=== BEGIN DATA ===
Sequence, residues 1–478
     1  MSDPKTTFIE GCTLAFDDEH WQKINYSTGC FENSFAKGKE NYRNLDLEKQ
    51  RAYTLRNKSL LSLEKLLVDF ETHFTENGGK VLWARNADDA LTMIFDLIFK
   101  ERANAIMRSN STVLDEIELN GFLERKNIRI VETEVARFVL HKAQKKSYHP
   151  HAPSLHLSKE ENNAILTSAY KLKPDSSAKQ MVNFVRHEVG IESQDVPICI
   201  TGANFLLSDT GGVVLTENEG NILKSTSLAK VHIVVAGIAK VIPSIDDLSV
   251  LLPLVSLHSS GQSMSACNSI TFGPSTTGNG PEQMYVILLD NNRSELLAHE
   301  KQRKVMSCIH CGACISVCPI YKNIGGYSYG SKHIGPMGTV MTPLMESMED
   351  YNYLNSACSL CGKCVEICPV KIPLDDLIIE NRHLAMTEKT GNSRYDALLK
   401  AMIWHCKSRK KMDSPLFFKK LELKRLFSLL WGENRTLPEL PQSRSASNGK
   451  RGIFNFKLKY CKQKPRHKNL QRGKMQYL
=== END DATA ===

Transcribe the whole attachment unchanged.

Sequence, residues 1–478
     1  MSDPKTTFIE GCTLAFDDEH WQKINYSTGC FENSFAKGKE NYRNLDLEKQ
    51  RAYTLRNKSL LSLEKLLVDF ETHFTENGGK VLWARNADDA LTMIFDLIFK
   101  ERANAIMRSN STVLDEIELN GFLERKNIRI VETEVARFVL HKAQKKSYHP
   151  HAPSLHLSKE ENNAILTSAY KLKPDSSAKQ MVNFVRHEVG IESQDVPICI
   201  TGANFLLSDT GGVVLTENEG NILKSTSLAK VHIVVAGIAK VIPSIDDLSV
   251  LLPLVSLHSS GQSMSACNSI TFGPSTTGNG PEQMYVILLD NNRSELLAHE
   301  KQRKVMSCIH CGACISVCPI YKNIGGYSYG SKHIGPMGTV MTPLMESMED
   351  YNYLNSACSL CGKCVEICPV KIPLDDLIIE NRHLAMTEKT GNSRYDALLK
   401  AMIWHCKSRK KMDSPLFFKK LELKRLFSLL WGENRTLPEL PQSRSASNGK
   451  RGIFNFKLKY CKQKPRHKNL QRGKMQYL